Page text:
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J Clin Psychiatry. 2005;66 Suppl 5:26-33.

Clinical highlights in bipolar depression: focus on atypical antipsychotics.

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University Hospitals of Cleveland/Case Western Reserve University School of Medicine, Cleveland, Ohio, USA.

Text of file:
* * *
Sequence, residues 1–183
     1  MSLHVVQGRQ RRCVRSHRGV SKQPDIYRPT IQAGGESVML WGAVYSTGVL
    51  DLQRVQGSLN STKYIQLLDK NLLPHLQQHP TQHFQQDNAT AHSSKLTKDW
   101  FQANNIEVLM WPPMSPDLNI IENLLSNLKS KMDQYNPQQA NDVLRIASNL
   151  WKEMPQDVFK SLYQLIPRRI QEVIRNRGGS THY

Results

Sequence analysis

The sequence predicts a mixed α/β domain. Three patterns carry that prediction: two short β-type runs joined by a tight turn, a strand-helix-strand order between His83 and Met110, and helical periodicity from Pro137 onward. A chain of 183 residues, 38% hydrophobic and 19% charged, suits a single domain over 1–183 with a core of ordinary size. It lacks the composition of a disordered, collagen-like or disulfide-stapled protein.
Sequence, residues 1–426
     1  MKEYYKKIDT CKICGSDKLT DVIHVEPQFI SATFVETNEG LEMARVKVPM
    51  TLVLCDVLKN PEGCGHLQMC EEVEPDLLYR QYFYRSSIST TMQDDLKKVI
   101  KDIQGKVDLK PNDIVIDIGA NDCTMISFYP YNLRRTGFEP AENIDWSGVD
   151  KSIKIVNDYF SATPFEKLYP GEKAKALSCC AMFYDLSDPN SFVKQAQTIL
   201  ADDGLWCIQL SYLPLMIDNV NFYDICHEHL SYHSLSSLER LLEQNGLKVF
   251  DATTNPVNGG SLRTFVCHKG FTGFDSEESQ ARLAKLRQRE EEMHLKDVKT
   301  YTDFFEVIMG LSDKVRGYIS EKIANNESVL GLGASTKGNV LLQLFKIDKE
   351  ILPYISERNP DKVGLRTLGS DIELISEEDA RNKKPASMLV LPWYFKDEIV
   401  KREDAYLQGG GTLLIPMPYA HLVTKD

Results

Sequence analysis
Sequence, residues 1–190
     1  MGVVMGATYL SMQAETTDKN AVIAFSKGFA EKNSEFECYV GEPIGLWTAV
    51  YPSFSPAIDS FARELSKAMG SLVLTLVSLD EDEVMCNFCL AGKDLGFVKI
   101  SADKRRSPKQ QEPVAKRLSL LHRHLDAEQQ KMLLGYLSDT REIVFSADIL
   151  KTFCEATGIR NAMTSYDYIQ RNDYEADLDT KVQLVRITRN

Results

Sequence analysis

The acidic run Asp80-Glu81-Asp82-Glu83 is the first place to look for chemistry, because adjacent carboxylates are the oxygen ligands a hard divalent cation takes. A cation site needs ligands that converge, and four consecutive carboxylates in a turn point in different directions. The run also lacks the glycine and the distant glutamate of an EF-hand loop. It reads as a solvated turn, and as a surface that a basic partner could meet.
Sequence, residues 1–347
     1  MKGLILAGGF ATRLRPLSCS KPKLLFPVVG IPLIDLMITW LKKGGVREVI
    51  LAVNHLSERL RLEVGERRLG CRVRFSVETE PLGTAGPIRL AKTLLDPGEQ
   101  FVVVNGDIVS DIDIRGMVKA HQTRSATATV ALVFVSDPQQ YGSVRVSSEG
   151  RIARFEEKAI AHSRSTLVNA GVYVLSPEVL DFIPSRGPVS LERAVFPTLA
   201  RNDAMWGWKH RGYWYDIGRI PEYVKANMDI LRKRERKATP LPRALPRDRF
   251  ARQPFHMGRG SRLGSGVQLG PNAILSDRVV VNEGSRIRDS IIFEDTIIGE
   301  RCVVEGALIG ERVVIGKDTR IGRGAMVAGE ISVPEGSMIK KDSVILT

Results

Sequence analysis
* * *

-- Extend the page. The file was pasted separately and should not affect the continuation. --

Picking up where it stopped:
Despite the considerable burden of bipolar depression, the treatment of this debilitating phase of bipolar disorder is suboptimally addressed by currently available pharmacologic options. Consequently, there is a need for the development of new treatment options with enhanced efficacy and tolerability. Evidence of antidepressant efficacy for some of the atypical antipsychotics in the treatment of bipolar depression has recently emerged. The findings of a large-scale, placebo-controlled, double-blind, randomized clinical study of olanzapine alone and in combination with fluoxetine, and a similar study of quetiapine monotherapy, suggest that some of the atypical antipsychotics may be efficacious in treating depressive symptoms in patients with bipolar I disorder. Subpopulation analyses suggest that quetiapine monotherapy and the olanzapine plus fluoxetine combination appear to be effective in treating depression in patients with a rapid-cycling course. The magnitude of improvement in depressive symptoms in the bipolar I population appears to be larger for quetiapine monotherapy compared with either olanzapine or olanzapine plus fluoxetine; however, the limitations of such a cross-study comparison are acknowledged. Both olanzapine monotherapy and combination therapy, as well as quetiapine monotherapy, were well tolerated. The overall incidence of treatment-emergent mania was low and comparable with placebo in both studies. Somnolence, weight gain, increased appetite and nonfasting glucose and cholesterol levels were more commonly reported in patients treated with olanzapine monotherapy or combination therapy compared with placebo. Dry mouth, sedation/somnolence, dizziness, and constipation were more commonly associated with quetiapine treatment. Large, controlled studies are needed to determine whether other psychotropic agents have antidepressant properties that would make them suitable for use in patients with bipolar depression. In addition, direct comparison of the regimens used in the current study should determine whether the differences evident between them can be confirmed.

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